The defining moment in Man on Wire for me was about 20 minutes into the film when footage of the World Trade Center towers being constructed is shown in all it’s grainy, faded glory. Seeing again those massive triple-beams cross-hatched in almost puzzle-like pieces, being hoisted above stacks of steel rebar, sheets of metal, blocks of concrete and a persistent lingering of beige dust, could only make me think of one thing. The beautiful irony of the whole movie is that when numerous gratuitous documentaries have been made about the WTC catastrophe, each with their special blend of film and video footage of that infamous day and its Dante-like aftermath, Man on Wire never once recalls that terror and in addition offers up this glorious peek at the landmark’s birth.
But, ok, that’s not what the film is about. Man on Wire is a documentary about Philippe Petit, a tightrope walker (and all-around interesting guy) from France and the intricate plot he exacted just after the birth of the WTC: walking on a single steel wire which him and some friends strung between the two towers over night. It’s a truly fabulous story and one which Petit himself made into a book. He was writing it in 2001 when the towers fell.*
1,350 feet in the air, in the wee hours of the Manhattan morning fog, Petit dressed all in black walked, knelt and laid down on the wire he’d spent the night setting up. He had crossed back and forth at least eight times before the New York City Port Authority and police yanked him in from the clouds. Neither wind, nor nerves, nor helicopters could knock him down, although he himself claimed he thought the feat something of a death wish. The film primarily deals with how Petit and his band of accomplices planned, developed and exacted such an event without being caught, spotted or stopped. Even more interesting is the reaction of the police and city officials who while taking the matter seriously (deporting the non-Americans involved), dropped all charges against them and actually gave Petit a lifelong all-access pass to the rooftop of the WTC.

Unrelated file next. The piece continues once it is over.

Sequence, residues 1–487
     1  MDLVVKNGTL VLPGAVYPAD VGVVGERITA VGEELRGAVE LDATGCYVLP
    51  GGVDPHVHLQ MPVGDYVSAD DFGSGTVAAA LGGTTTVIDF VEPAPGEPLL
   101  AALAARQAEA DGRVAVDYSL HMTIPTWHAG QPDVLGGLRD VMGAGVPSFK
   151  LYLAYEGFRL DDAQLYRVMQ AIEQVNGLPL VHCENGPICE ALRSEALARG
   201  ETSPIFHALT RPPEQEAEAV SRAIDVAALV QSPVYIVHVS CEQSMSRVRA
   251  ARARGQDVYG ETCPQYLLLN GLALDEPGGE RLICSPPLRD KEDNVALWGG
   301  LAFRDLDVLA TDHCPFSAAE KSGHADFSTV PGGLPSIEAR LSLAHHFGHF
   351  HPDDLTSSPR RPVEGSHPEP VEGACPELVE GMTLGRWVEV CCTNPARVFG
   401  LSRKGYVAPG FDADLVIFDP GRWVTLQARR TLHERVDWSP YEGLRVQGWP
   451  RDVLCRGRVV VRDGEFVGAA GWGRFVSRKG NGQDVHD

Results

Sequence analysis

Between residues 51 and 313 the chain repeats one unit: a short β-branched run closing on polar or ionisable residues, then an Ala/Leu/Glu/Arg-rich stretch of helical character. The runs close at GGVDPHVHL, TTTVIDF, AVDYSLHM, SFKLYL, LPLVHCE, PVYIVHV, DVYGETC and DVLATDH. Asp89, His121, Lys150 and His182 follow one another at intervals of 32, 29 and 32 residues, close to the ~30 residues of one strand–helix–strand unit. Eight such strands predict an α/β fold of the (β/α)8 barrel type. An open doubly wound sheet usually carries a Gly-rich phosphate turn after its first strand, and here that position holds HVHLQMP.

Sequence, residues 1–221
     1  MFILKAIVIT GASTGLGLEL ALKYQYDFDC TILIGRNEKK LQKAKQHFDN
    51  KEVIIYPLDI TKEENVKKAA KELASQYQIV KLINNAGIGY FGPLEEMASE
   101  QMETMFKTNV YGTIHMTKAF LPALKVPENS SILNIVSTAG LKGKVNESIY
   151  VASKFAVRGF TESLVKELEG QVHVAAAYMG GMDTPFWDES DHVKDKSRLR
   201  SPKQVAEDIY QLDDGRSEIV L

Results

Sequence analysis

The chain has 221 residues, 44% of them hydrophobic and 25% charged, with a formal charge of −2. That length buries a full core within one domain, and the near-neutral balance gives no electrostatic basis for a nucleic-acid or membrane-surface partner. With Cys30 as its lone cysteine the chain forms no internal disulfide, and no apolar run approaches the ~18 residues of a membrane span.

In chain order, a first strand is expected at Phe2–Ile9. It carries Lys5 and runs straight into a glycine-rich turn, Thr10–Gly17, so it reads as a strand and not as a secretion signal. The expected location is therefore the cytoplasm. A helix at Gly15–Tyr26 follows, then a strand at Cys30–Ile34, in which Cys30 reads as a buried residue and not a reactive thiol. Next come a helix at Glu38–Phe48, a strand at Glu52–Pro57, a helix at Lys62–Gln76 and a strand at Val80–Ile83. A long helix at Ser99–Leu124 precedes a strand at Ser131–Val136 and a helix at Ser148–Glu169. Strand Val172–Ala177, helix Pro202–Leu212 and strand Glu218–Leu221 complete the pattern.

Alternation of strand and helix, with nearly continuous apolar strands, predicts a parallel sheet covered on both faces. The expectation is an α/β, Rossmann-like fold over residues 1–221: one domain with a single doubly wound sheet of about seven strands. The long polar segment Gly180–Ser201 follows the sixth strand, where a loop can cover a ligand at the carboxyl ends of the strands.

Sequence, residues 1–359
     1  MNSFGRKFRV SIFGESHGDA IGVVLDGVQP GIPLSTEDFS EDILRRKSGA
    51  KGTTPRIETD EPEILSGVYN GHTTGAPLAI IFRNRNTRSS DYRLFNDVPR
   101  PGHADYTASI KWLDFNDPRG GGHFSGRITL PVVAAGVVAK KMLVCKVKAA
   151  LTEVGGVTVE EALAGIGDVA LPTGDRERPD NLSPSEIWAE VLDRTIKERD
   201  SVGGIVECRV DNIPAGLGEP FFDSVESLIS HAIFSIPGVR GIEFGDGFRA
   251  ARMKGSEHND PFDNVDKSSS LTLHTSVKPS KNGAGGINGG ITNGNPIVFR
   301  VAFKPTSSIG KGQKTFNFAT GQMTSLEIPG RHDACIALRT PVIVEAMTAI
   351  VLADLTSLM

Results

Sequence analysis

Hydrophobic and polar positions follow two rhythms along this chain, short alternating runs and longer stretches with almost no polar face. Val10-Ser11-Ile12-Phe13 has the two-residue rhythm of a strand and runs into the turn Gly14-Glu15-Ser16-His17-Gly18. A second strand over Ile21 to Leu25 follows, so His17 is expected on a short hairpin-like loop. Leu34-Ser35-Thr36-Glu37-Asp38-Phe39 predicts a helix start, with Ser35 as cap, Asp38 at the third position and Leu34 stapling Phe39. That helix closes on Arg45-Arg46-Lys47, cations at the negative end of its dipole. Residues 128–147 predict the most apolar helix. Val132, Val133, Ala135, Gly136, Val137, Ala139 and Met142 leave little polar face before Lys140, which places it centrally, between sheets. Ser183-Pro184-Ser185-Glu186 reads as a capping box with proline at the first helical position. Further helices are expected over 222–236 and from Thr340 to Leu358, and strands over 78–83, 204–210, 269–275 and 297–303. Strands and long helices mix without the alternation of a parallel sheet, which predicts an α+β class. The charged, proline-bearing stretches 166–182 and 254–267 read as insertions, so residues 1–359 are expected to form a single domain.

Bittersweet is a single photo of Petit straddling a steel beam on the rooftop on which he’d dated and signed his name. Now the photos are all that remain. Man on Wire is chock-full with archival footage of Petit and even some of his other unconventional tightrope displays (Notre Dame, Sydney Harbour Bridge), glossy interviews with just about everybody involved in the project, and nicely detailed dramatic reconstructions of the day-long hideout at the WTC and the preparations of that night leading up to the trick. All-in-all there is nothing this film doesn’t deliver upon and nothing you can do but watch in awe as the titular man’s circus-wit, charming effervescence and steely nerves endure a feat most of us wouldn’t even dare to dream about.
*Lazarovic, Sara. “The Daredevil in the Clouds.” National Post Monday. September 9, 2002.